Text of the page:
Angus MACINNIS

MACINNIS, Angus

Personal Data

Party
Co-operative Commonwealth Federation (C.C.F.)
Constituency
Vancouver Kingsway (British Columbia)
Birth Date
September 2, 1884
Deceased Date
March 3, 1964
Website
http://en.wikipedia.org/wiki/Angus_MacInnis
PARLINFO
http://www.parl.gc.ca/parlinfo/Files/Parliamentarian.aspx?Item=b8094e9f-95f3-46b2-ab3e-9e132f32ed9e&Language=E&Section=ALL
Profession
motorman, unionist

Parliamentary Career

July 28, 1930 - August 14, 1935
IND
  Vancouver South (British Columbia)
October 14, 1935 - January 25, 1940
CCF
  Vancouver East (British Columbia)
March 26, 1940 - April 16, 1945
CCF
  Vancouver East (British Columbia)
June 11, 1945 - April 30, 1949
CCF
  Vancouver East (British Columbia)
June 27, 1949 - June 13, 1953
CCF
  Vancouver East (British Columbia)
August 10, 1953 - April 12, 1957
CCF
  Vancouver Kingsway (British Columbia)

Most Recent Speeches (Page 5 of 1083)


June 20, 1955

Mr. Angus Maclnnis (Vancouver-Kingsway):

Thank you, Mr. Speaker. I am glad to be back. As far as I am concerned this is home.

Topic:   WELCOME TO HON. MEMBER FOR VANCOUVER-KINGSWAY ON HIS RETURN FOLLOWING ILLNESS
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March 8, 1955

Mr. Angus Maclnnis (Vancouver-Kingsway):

Mr. Speaker, members of the Senate, members of the House of Commons, relatives and friends of Agnes Macphail: I consider it a distinct privilege to have the opportunity today of taking part in this ceremony. It was my good fortune to know and work with

Agnes Macphail for a period of more than 20 years, for 10 years in this house and for more than 10 years outside this house.

Although Agnes Macphail was the first woman member elected to this house, I am convinced that she was not elected because she was a woman. I am glad this is the case. I am certain that the hard-headed and practical farmers of Grey county had no such romantic or chivalrous ideas in mind when they elected Miss Macphail to parliament. They elected her because she was interested in and understood their problems. They knew she would devote her energies to trying to find a solution to those problems, and they were not disappointed.

Agnes Macphail was not, however, a person with only one interest, important as that interest was and, perhaps, claimed her first attention. She was a person of warm human sympathies. She was anxious that everyone should have the opportunity to make the best of his or her life. In this house she pleaded for better social services, pensions for the aged, the blind and the disabled, and for a greater interest in education. More than anyone else in the house at that time, and indeed perhaps more than anyone else in the country, she was responsible for the appointment of the Archambault commission on penal reform. Consequently she was responsible for the beneficial results which have flowed from the recommendations of that commission.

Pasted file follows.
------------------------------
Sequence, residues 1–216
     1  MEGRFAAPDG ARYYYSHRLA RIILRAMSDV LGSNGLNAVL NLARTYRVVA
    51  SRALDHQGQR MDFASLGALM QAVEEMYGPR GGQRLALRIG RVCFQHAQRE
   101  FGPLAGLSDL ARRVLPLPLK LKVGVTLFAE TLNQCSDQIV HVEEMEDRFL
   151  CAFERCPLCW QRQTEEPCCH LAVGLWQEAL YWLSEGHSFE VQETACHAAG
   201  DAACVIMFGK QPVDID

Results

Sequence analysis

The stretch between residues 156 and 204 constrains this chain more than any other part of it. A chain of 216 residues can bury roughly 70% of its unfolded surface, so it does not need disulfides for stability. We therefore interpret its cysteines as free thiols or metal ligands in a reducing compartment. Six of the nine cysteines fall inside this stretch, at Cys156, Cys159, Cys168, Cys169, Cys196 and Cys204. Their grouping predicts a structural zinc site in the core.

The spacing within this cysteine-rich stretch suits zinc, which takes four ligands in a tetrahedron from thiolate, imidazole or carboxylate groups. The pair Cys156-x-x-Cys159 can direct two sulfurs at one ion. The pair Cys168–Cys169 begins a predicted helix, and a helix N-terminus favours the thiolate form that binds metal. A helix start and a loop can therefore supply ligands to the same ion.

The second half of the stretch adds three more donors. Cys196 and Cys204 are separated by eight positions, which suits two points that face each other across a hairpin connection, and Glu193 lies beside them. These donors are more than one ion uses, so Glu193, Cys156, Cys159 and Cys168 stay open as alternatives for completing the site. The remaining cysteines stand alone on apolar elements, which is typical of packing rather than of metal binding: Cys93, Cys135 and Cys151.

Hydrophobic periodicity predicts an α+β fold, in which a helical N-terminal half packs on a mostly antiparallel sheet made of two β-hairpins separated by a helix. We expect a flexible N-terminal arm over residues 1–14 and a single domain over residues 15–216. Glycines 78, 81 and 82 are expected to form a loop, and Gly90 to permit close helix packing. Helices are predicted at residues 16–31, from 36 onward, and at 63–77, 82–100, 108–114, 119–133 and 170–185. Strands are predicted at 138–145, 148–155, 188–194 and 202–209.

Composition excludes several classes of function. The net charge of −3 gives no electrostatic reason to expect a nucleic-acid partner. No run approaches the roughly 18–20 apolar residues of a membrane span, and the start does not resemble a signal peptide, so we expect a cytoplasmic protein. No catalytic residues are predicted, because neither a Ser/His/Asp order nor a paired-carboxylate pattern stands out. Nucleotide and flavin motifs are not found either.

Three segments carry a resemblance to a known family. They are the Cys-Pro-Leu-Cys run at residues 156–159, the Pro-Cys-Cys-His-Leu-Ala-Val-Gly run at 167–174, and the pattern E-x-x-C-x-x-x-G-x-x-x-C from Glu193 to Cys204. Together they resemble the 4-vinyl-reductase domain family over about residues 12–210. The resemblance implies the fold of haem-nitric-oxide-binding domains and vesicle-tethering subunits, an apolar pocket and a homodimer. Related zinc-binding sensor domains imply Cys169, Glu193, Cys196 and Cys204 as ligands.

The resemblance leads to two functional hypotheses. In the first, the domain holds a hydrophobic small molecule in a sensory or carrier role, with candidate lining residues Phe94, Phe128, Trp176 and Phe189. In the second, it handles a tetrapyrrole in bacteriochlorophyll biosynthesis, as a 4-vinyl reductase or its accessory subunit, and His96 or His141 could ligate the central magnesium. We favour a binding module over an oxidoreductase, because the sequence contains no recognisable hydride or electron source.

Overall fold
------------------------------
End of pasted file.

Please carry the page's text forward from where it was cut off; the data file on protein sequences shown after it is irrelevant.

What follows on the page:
Her wide human sympathy was never better illustrated than during her first term in parliament when, although she was representing farmers in Ontario she made a visit to Cape Breton to look into the plight of the coal miners and their families who were suffering intensely in the Glace Bay area, at a time when that subject was being aired in this house.

As has already been said, Agnes Macphail was an able parliamentarian. When she spoke she was always given the attention of this house, not because she was a woman and the male members were anxious to be on their good behaviour, but because she always had something worth while to say and she said it in a striking manner.

I am glad today on behalf of the group with which I am associated in this house to have the opportunity of paying tribute to one who will always be remembered not only as the first woman member of this house but as a great humanitarian and an outstanding Canadian.

Topic:   APPENDIX
Subtopic:   AGNES CAMPBELL MACPHAIL
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March 8, 1955

Mr. Maclnnis:

Generosity.

Topic:   BROADCASTING
Subtopic:   APPOINTMENT OF SPECIAL COMMITTEE
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March 8, 1955

Mr. Maclnnis:

I was wondering what the business would be for tomorrow, Mr. Speaker. I realize that according to our order paper tomorrow is private members' day. According to my memory, a week ago tonight we were debating the question of unemployment. At that time it was thought the matter was so urgent and so important that we should continue the debate the next day, which was also a private members' day. We obtained the unanimous consent of the house to do that.

If unemployment was an urgent and important matter a week ago, I think it is equally so tonight. I think by unanimous consent we should proceed tomorrow with the debate on the motion to go into supply and the amendment on unemployment, in order to try to put the government in a position where they may be able to do something with regard to the present unemployment situation. I suggest we have an opportunity to get the views of hon. members on that matter.

Topic:   BUSINESS OF THE HOUSE
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March 8, 1955

Mr. Maclnnis:

May I suggest that it is not necessary to make a decision on whether we

are ready to give up the last private members' day. All we have to do is be ready to give up tomorrow, and let the other private members' day after that take care of itself.

Topic:   L844 HOUSE OF COMMONS
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